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Endocrine diseases

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Endocrine diseases

Endocrine disease
Classification and external resources
10 9 MeSH D004700

Endocrine diseases are disorders of the endocrine system. The branch of medicine associated with endocrine disorders is known as endocrinology.

Types of endocrine disease

Broadly speaking, endocrine disorders may be subdivided into three groups:[1]

  1. Endocrine gland hyposecretion (leading to hormone deficiency)
  2. Endocrine gland hypersecretion (leading to hormone excess)
  3. Tumours (benign or malignant) of endocrine glands

Endocrine disorders are often quite complex, involving a mixed picture of hyposecretion and hypersecretion because of the feedback mechanisms involved in the endocrine system. For example, most forms of hyperthyroidism are associated with an excess of thyroid hormone and a low level of thyroid stimulating hormone.[2]

List of endocrine diseases

Adrenal disorders

Glucose homeostasis disorders

Thyroid disorders

Calcium homeostasis disorders and Metabolic bone disease

Pituitary gland disorders

Posterior pituitary

Anterior pituitary

Sex hormone disorders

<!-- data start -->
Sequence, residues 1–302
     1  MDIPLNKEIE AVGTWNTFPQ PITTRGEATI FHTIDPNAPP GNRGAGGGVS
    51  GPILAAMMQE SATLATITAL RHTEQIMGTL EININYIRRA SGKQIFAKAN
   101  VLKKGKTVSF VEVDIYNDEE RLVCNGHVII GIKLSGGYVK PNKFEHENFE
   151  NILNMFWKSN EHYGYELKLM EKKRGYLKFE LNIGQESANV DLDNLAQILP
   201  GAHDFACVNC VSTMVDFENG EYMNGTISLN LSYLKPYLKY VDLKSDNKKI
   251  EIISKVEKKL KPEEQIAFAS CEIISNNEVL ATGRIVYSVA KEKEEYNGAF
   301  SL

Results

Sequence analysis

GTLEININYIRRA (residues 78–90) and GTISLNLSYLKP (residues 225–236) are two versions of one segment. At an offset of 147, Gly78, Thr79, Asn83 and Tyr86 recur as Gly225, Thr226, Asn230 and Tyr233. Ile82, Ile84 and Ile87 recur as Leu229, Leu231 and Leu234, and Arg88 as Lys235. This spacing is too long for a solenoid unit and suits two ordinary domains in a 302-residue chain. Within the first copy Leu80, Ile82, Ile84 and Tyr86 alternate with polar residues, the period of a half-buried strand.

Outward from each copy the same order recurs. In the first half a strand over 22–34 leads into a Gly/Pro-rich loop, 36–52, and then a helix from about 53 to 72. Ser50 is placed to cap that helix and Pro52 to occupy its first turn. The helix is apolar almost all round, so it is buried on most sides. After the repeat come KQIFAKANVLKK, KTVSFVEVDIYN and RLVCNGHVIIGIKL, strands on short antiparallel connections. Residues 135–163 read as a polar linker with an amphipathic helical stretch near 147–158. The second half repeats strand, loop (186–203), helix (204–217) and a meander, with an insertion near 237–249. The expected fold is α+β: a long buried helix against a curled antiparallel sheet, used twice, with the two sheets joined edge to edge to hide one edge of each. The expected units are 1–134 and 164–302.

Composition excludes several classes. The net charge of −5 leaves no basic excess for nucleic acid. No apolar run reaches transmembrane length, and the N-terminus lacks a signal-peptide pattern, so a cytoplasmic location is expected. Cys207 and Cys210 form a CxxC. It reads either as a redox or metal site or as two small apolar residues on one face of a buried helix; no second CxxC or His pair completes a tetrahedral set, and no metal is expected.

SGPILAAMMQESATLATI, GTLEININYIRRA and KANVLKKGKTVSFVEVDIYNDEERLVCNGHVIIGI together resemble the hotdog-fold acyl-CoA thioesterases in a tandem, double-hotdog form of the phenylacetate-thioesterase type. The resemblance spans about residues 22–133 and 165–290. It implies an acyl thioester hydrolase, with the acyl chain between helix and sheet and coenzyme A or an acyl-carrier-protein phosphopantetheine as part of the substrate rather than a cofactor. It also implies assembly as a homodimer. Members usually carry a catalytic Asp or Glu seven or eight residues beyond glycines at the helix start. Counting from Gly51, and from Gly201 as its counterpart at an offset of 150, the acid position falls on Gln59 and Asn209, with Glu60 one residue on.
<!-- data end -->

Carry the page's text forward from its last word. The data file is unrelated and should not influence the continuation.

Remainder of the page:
Tumours of the endocrine glands not mentioned elsewhere

See also separate organs

Endocrine emergencies

In endocrinology, medical emergencies include diabetic ketoacidosis, hyperosmolar hyperglycemic state, hypoglycemic coma, acute adrenocortical insufficiency, phaeochromocytoma crisis, hypercalcemic crisis, thyroid storm, myxoedema coma and pituitary apoplexy.[3]

Emergencies arising from decompensated pheochromocytomas or parathyroid adenomas are sometimes referred for emergency resection when aggressive medical therapies fail to control the patient's state, however the surgical risks are significant, especially blood pressure lability and the possibility of cardiovascular collapse after resection (due to a brutal drop in respectively catecholamines and calcium, which must be compensated with gradual normalization).[4][5] It remains debated when emergency surgery is appropriate as opposed to urgent or elective surgery after continued attempts to stabilize the patient, notably in view of newer and more efficient medications and protocols.[6][7][8]

See also

References

External links

  • Medical Subject Headings (MeSH)
  • endocrinediseases
  • Merck Manual of Diagnosis and Therapy
  • Endotext
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